Joanne O’Riordan: Croke Park fiasco highlights grounds for concern

Systematic change is needed to give women a fairer claim to facilities and venues

Galway take on Cork at Croke Park in the moved All-Ireland semi-final. Photograph: Ramsey Cardy/Sportsfile

Galway take on Cork at Croke Park in the moved All-Ireland semi-final. Photograph: Ramsey Cardy/Sportsfile

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They say controversy is the best, and perhaps only, way to be sure of getting women’s sport into the papers. After a successful All-Ireland semi-final which saw Dublin being pushed by a dogged and determined Armagh, we had an incredibly successful All-Ireland Junior final between Fermanagh and Wicklow, which was eventually won by Fermanagh live on TG4. And then, it all seemed to fall apart . . . and rapidly at that.

Here’s the thing: I so badly wanted this column to be about something else. Saoirse Noonan contesting two senior finals in football and soccer. Maybe Galway heading into a second All-Ireland final, a sure sign that under Tim Rabbitt they were going places after underage talents came through. But it’s not, unfortunately. It would be remiss of me and the column to pretend the events of the last few days didn’t happen.

Cork won at the weekend, and really, that’s the only name on the list of winners. But, there were a lot of losers.

The goings-on over the last week really highlighted the inequalities that exist. In part, these are down to the fact the LGFA, GAA and Camogie Association are three separate entities (something men on Twitter took the opportunity to kindly inform me). The LGFA and Camogie Association are continually relying on the generosity of the men’s organisation to bail them out. Thankfully, relations seem to be harmonious, so this was never an outright issue. But it’s always been kind of there.

A club nearby built a fantastic pitch, 3G pitch, dressing rooms, floodlights, you name it, in the last few years. The two core fundraising objectives were to be assigned to both men and women, as this club were in the unusual position of fielding two women’s team, despite being a rural club. The money came in, pitches were built, and life went on. Until the women’s teams were told the men’s teams were training so they had to use an unlit pitch a bit further down the road.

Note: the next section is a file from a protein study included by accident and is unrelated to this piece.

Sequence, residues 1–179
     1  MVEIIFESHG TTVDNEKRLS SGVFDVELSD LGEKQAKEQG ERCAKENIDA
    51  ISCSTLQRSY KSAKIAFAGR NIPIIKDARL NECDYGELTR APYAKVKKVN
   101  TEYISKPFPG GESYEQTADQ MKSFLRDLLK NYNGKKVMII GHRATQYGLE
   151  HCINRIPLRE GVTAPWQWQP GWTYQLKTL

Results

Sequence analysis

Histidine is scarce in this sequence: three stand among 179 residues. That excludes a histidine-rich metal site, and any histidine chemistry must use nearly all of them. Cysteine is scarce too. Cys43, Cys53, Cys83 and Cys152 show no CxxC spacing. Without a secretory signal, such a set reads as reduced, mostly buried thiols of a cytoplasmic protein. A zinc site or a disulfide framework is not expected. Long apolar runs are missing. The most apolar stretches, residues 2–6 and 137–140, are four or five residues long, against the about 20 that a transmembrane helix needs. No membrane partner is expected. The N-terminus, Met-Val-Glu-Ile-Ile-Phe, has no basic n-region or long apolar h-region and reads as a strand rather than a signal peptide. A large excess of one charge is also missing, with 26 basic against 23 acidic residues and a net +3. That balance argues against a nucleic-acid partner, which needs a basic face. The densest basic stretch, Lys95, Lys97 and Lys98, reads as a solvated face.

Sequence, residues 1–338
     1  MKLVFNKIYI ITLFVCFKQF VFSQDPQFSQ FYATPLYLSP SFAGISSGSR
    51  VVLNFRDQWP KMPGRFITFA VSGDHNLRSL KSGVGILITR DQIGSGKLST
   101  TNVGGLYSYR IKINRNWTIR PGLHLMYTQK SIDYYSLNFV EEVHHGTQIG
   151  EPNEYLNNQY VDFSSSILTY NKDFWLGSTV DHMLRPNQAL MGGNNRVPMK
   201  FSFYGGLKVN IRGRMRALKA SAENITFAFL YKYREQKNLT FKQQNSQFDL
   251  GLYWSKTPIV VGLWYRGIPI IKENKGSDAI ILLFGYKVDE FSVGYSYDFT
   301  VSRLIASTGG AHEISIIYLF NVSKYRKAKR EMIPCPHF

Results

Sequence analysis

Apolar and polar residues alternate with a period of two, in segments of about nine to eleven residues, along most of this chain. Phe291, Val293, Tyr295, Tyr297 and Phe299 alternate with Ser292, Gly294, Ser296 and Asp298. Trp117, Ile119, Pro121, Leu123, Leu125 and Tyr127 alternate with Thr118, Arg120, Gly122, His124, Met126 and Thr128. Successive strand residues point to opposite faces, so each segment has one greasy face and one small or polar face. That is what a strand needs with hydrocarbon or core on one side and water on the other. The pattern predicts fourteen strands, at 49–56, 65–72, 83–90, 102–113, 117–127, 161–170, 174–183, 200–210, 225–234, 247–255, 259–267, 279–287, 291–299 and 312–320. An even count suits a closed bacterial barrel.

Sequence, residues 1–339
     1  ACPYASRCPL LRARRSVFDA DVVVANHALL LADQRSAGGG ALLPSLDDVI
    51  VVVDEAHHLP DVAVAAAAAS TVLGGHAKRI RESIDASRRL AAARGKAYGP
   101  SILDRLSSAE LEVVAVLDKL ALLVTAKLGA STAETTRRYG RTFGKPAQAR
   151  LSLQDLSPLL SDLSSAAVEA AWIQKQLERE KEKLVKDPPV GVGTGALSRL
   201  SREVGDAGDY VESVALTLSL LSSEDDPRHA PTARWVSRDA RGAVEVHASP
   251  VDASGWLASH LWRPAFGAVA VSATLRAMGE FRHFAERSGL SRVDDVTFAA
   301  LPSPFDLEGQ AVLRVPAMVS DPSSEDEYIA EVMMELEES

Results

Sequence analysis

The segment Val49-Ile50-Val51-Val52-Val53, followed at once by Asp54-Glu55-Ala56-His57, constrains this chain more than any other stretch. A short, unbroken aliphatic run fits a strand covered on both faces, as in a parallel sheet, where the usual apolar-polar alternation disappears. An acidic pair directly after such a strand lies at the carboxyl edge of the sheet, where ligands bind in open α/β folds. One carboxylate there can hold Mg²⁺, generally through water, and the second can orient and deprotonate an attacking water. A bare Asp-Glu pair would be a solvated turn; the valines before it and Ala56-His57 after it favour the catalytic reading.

Grumblings

That club are well within their rights to do that. From a contractual standpoint, the club and facilities are owned by the GAA, not the LGFA or Camogie Association. Morally it’s a bit grey, and everyone tends to get on with it, with some grumblings from a few parties. It’s a situation that is probably replicated across the entire country.

Limerick were well within their rights to keep their county training preparations in LIT Gaelic Grounds, but it still doesn’t make it easier to swallow. Are the LGFA that compromised in terms of bargaining for grounds that the best deal they can make is a one that puts an All-Ireland senior semi-final at risk?

In the end the game was moved to Dublin but at the 11th hour the LGFA informed Galway, who were on the road to the frozen tundra of Parnell Park, the game was being switched to Croke Park and, so as not to disrupt the men’s semi-final, the game was now at 1pm rather than 1.30pm. Oh, sorry TG4, who have been impeccable in their coverage, but current guidelines mean your trucks can’t beam this game into people’s homes.

The language that was used by LGFA president Marie Hickey irked me. She, and her LGFA board, have been unbelievably creative in how they promote the game. They have grown it into this wonderfully PR friendly monster, and that work must be commended. But to use words like ‘grateful’ to the GAA and county boards for bailing them out smacks of insensitivity, especially given how little regard was shown to Galway, who couldn’t go through pre-match routines without referee Seamus Mulvihill - who himself was under pressure to get going - asking them to get a move on.

Disadvantage

Pointing the finger isn’t going to help, and doing so would be disingenuous to the excellent work being done. But everyone was a loser here. Galway manager Tim Rabbitt wanted to stage a walk-off. A part of me wondered what would have genuinely happened, had that had happened. But does it have to get that bad before people realise just how much of a disadvantage you’re at because of your gender?

The reality is this: it’ll probably happen again. And again. It’s been going on behind the scenes, only people didn’t realise. We’re supposed to be grateful the men will bail us out. Tell that to an underage team who’ve relocated so many times, hoping it gets better when they hit senior.

Last weekend, for the first time in three years, after hearing so many deflating stories, was the first time I actually felt deflated myself. I was tired and cranky. After countless promises, how could this happen again?

The GPA and WGPA are planning an EGM on officially uniting, something that excites and scares people. Either way, someone loses. Unite and fear you may get left behind. Don’t unite and get left behind anyway, grasping for resources and facilities. Either way, systemic change has to be made.

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